Matrix operator+( const Matrix& m1, const Matrix& m2 )
name result   // proposed language extension
        // no longer write: Matrix result;
        // no longer write: return result;

The language extension never became part of the language, but the optimization itself has become nearly universal. It is called the name return value optimization. It is applied implicitly by a compiler when the same named object is returned from all the exit points of a function.

Because it is an optimization rather than explicitly defined within the language, however, a compiler is not required to apply it. (At the time of this writing, I am aware of only two compilers that do not provide the named return value optimization: the GNU compiler gcc and Visual C++.)

To test whether your compiler applies it, run the following simple program:

class foobar {
  foobar() { cout << "foobar::foobar()\n"; }
  ~foobar() { cout << "foobar::~foobar()\n"; }

  foobar( const foobar &rhs )
     { cout << "foobar::foobar( const foobar & )\n"; }

  foobar& operator=( const foobar &rhs )
     { cout << "foobar::operator=( const foobar & )\n"; }

  void ival( int nval ) { _ival = nval; }
  int _ival;

foobar f( int val ) {
  foobar local;
  local.ival( val );
  return local;

int main(){
  foobar ml = f( 1024 );
  return 0;

If the compiler does not apply the optimization, there are two constructor calls (the construction of the local object and the copy construction of the return object) and two destructor calls as follows (this is generated by the GNU C++ compiler, gcc, running under Linux):

{stan@andromeda} : gcc nrv.cc -lstdc++ && a.out
foobar::foobar( const foobar & )

By removing the local named object and computing the results directly within the named object, the copy constructor call and one of the destructor calls are eliminated. For example, here is the output of the same program with the optimization applied (this is generated by the KAI C++ compiler running under Linux):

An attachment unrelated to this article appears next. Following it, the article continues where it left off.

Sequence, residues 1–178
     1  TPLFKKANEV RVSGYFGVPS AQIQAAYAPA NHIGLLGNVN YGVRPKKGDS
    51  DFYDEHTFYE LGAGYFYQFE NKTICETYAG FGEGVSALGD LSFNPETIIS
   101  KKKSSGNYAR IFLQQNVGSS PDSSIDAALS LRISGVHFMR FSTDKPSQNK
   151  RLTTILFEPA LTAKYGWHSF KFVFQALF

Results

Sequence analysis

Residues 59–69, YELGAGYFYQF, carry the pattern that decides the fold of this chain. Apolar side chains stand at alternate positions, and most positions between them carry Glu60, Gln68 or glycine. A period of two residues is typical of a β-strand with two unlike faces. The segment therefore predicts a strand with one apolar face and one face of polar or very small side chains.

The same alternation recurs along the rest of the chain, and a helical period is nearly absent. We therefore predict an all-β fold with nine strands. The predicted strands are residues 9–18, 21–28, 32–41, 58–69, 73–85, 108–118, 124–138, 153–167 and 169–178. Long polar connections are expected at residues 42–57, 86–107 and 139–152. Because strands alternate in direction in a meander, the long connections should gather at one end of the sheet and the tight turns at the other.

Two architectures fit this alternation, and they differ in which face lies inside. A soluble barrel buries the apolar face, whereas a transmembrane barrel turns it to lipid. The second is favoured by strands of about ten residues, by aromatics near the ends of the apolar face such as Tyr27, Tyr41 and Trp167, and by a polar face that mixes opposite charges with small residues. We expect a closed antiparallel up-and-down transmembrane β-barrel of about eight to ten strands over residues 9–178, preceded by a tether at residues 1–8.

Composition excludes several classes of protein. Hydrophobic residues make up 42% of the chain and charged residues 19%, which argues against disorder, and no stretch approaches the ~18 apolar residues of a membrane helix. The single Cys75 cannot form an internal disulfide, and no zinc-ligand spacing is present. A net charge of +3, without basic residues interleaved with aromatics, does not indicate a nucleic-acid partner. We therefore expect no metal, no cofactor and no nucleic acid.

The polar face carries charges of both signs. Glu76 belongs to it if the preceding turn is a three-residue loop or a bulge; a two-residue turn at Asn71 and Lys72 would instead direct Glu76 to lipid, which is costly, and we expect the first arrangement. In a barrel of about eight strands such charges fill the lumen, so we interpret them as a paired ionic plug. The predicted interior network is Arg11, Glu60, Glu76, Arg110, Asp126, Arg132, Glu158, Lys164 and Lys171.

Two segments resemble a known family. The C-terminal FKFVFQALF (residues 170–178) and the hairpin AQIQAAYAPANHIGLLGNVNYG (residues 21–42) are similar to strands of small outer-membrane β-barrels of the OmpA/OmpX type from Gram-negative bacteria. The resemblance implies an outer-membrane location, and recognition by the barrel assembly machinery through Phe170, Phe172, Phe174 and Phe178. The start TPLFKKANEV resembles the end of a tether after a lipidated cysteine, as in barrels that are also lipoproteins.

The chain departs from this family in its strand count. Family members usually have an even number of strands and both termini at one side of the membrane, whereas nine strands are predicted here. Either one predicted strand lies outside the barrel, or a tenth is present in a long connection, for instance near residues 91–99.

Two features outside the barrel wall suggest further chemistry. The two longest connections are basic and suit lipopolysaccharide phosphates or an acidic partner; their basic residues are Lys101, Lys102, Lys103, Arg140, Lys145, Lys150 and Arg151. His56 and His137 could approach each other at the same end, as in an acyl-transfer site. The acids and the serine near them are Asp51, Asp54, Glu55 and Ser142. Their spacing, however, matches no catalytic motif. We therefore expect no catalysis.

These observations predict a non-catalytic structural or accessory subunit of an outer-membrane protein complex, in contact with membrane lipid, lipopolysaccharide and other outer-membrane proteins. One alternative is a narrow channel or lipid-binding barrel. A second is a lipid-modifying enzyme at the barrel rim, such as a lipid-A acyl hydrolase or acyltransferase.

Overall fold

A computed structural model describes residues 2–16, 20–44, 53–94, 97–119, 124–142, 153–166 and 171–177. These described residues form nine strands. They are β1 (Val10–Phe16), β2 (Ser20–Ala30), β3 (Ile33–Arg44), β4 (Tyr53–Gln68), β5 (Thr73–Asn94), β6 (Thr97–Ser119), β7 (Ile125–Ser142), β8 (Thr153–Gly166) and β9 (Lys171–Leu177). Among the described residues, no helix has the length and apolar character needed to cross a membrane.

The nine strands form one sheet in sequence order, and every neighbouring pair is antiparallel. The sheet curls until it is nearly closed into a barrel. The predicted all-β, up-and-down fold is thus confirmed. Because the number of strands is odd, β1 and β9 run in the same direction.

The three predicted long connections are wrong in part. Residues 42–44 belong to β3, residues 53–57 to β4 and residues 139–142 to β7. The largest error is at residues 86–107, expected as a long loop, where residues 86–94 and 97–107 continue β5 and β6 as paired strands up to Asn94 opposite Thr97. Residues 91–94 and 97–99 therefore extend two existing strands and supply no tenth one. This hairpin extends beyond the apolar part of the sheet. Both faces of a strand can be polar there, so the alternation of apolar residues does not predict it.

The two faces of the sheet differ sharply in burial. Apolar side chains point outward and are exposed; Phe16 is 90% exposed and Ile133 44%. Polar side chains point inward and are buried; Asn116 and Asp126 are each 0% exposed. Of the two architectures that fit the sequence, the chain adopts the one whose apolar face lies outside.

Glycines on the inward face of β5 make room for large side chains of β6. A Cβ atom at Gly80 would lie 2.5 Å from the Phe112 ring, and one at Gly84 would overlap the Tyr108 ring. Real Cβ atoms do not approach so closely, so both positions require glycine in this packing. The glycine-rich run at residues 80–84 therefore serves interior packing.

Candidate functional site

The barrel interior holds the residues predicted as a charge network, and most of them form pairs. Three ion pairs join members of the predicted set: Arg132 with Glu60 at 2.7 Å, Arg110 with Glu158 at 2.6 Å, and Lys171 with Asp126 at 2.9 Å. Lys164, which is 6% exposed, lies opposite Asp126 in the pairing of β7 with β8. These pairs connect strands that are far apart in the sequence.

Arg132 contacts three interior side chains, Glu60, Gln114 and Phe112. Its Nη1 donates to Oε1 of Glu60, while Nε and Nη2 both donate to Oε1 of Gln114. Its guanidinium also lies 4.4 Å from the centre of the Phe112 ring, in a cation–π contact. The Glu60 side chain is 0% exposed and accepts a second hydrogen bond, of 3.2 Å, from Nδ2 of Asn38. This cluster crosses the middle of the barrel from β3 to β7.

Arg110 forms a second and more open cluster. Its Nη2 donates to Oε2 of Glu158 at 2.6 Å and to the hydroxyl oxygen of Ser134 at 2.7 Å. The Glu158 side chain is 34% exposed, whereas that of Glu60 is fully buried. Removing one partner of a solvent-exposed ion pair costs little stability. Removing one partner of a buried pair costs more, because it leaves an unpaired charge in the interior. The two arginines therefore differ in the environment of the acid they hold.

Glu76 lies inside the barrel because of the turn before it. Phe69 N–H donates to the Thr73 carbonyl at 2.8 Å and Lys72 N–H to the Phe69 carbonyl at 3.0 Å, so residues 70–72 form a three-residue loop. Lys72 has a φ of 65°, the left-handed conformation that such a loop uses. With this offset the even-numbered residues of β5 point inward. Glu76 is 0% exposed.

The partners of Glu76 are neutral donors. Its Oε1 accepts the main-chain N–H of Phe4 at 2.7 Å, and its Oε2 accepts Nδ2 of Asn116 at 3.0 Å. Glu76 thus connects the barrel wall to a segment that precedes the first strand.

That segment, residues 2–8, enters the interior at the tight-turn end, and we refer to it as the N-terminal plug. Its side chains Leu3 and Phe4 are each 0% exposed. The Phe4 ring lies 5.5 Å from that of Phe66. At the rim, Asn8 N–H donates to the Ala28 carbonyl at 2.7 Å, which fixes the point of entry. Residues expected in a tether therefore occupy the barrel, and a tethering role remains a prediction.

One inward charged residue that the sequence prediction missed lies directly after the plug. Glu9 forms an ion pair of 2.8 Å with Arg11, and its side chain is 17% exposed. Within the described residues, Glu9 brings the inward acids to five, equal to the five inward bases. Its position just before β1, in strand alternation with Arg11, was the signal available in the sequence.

{stan@andromeda} : KCC nrv.cc && a.out

So, what if your compiler does not apply the name return value optimization? An alternative programming idiom is to provide a "computational constructor" that does the work previously done in the actual function, and to return that within the function. Here's a simple example using our foobar class:

class foobar {
  // simple example of computational constructor ...
    foobar( int val ) : _ival( val )
     { cout << "foobar::foobar( " << val << " )\n"; }
  // ... 

/* previous version using local object and 'computation'
foobar f( int val ) {
  foobar local;
  local.ival( val );
  return local;

// revised version invoking the 'computational' constructor
foobar f( int val ) { return foobar( 1024 ); }

In effect, we've hand-optimized the function: the local object is removed, and the computation is applied directly to the constructed object. The compiler completes the optimization by applying the constructor to the class reference parameter introduced to hold the result:

// C++ Pseudo Code:
// internal transformation of our hand-optimized function
void f( foobar & _result, int val ) 
{ _result.foobar::foobar( 1024 ); }

When compiled and executed, our revised program mimics the result of having the name return value optimization applied:

foobar::foobar( 1024 )